Vous recherchez des Cours d'Anglais? Cliquez-ici.

“e”, “é” or “è” ?

In French, there are 3 different accents on « e ». It is important to know them as it changes the pronunciation of the word.

The 3 accents:

“é”: acute accent like : été (summer)

“è”: grave accent like accès (access)

“ê”: circumflex accent like tête (head), less used

So how to know which accent is the right one, here are few tips :

  • “e” before the last consonant of the word : NO accent

Example : fier (proud), sec (dry), assez (enough), pied (foot).

Except when the last consonant is “s” : accès (access), abcès (abscess)….

  • “e” before an “x”: NO accent

Example : exercice (exercise), flexible, silex (flint)

  • « e » before 2 or more consonants (which are linked liked double consonants like “ll” / “ff” or more than 2 consonants like “thn” / “sch” / “rsp”: NO accent

Example : effort, letter (letter), appellation (name/title), belle (beautiful), perspicace (perceptive), ethnologue (ethnologist), quetsche (damson plum)

  • BUT there is an accent when the 2 consonants following “e” are making 1 sound like “ch” / “gn” / “th” / “ph” as if it was only 1 consonant.

Example: flèche (arrow), régner (to reign), éléphant

  • BUT there is an accent when the 2nd consonant is “l” or “r”

Example : négliger (to neglect/overlook), zèbre (zebra), trèfle (clover)

  • “é” : acute accent when the “e” is the first letter of the word or the last letter of the word

Example : éléphant, élever (to raise children), électricité (electricity), blé (wheat), oublié (forgotten), clé (key)

  • « é » : acute accent when the following syllable has no silent “e”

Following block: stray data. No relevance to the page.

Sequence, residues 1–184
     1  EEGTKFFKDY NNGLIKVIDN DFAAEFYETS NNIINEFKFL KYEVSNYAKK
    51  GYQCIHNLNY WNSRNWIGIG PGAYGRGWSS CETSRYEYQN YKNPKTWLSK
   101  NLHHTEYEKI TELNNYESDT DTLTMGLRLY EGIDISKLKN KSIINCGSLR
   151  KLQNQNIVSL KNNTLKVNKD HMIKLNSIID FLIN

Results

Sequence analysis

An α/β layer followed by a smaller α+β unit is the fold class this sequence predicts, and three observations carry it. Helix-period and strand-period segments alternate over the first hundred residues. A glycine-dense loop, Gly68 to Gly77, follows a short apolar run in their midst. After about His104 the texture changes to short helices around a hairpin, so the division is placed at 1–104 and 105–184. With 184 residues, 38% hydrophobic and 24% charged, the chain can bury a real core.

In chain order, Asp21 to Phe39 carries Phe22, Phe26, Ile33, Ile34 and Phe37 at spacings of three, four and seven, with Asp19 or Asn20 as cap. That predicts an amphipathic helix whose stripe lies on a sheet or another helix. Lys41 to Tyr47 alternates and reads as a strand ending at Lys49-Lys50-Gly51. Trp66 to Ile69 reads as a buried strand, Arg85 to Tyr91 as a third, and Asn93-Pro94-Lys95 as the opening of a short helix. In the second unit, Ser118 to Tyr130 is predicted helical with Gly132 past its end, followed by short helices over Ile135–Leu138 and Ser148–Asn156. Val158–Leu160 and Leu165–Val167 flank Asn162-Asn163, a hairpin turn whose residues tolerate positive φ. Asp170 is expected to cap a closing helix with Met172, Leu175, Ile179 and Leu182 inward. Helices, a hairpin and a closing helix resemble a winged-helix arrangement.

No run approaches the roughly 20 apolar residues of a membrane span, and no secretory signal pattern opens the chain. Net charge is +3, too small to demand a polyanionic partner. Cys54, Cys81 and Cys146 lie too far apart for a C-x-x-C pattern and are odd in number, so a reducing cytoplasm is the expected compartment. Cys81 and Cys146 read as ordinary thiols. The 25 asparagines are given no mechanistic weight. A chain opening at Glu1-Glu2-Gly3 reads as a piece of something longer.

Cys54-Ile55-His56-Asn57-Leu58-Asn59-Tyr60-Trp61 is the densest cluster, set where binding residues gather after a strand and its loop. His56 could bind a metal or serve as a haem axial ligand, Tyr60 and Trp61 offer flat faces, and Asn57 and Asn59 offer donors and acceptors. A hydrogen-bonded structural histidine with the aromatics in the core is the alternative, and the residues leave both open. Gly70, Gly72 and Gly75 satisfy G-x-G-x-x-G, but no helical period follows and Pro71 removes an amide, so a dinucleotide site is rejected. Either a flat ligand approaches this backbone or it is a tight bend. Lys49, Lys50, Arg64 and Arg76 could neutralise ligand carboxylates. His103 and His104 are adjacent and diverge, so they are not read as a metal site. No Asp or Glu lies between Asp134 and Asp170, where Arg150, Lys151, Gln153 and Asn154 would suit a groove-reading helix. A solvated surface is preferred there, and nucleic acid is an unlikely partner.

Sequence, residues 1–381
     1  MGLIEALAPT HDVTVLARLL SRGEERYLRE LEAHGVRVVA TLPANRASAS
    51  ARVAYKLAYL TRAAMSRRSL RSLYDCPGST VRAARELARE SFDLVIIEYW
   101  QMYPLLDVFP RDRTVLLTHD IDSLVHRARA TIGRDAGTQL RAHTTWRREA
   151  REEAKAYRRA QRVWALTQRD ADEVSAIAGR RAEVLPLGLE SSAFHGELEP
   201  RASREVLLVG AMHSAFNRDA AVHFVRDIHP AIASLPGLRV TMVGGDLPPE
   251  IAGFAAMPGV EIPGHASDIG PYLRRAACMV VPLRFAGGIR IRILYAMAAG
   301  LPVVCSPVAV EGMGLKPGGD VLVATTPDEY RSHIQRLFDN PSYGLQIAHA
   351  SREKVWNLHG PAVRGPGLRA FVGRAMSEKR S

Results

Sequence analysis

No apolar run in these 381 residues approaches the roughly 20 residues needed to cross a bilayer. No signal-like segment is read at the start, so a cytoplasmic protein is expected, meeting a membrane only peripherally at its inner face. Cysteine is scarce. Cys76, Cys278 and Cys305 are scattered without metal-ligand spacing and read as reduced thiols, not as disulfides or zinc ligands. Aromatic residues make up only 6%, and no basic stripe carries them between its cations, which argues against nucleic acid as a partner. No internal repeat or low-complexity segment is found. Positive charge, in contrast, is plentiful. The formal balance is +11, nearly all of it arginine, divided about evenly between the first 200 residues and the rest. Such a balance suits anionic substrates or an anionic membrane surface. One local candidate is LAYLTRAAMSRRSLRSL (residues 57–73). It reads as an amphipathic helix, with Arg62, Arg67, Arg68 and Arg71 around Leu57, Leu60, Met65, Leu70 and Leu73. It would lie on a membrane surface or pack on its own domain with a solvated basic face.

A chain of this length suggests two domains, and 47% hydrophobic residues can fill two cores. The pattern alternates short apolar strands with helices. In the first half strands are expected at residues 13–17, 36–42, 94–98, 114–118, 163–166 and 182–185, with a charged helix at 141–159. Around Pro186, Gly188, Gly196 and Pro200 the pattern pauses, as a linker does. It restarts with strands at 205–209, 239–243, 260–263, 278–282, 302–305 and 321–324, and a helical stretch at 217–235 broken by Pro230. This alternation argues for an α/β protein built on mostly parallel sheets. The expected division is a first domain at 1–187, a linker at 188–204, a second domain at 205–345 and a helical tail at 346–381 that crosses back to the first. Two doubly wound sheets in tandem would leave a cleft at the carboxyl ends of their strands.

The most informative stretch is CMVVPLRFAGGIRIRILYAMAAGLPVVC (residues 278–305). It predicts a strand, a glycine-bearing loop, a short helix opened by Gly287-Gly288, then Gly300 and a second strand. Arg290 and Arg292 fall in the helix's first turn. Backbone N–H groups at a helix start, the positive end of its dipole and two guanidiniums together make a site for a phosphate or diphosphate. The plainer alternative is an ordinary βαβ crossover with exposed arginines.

Example: sécurité (security), régal (delight)

  • “é”: acute accent when the “e” is part of the syllable: dé-, mé-, pré-

Example : veloper (to develop), se fier (to mistrust), prévenir (to prevent)

  • “è” : grave accent when the next syllable has a mute “e”

Example : solfège (solfeggio), règlement (regulation, rules, payement), fièrement (proudly), il achète (he buys)

  • « è » : grave accent when the last consonant of the word is an “s” (not a plural)

Example : après (after), succès (success)

If you read several times these tips, you will always know if the “e” required an accent or not because French is a complex language but with lots of logical rules!

Let’s practice your “e, é, è” !


Pronunciation

PRONUNCIATION   There is nothing worse than knowing the right word but once you pronounce it, people don’t understand you !! So let’s have a look at a few pronunciation rules. Once you know how to pronounce the word, your brain identifies it very rapidly when it hears it, so by…

Continue Reading

VOUS vs TU

VOUS or TU ??   How embarrassing not to know which one to use ? Is there a rule, how do the French know which one to use ?   You are speaking to an adult : If the person is a family member = TU If the person is not a family member…

Continue Reading

Grammar for Dummies Nous vs On

Nous / On    What’s the difference bewteen « nous » and « on » ? Is there any ? NOUS = ON In reality in 90% of the cases, they both mean « we » in English. When speaking, the French tend to use less and less the « nous » form as it is always longer to pronounce. Give…

Continue Reading

Devoir and its many facets

The verb « devoir » = to must, to have The verb “devoir” is an irregular verb with various meanings. Je dois Tu dois Il/elle doit Nous devons Vous devez Ils/ells doivent   1st meaning : the notion of debt in the literal and figurative meanings : Combien est-ce que je vous…

Continue Reading

Vous recherchez des Cours d'Anglais? Cliquez-ici.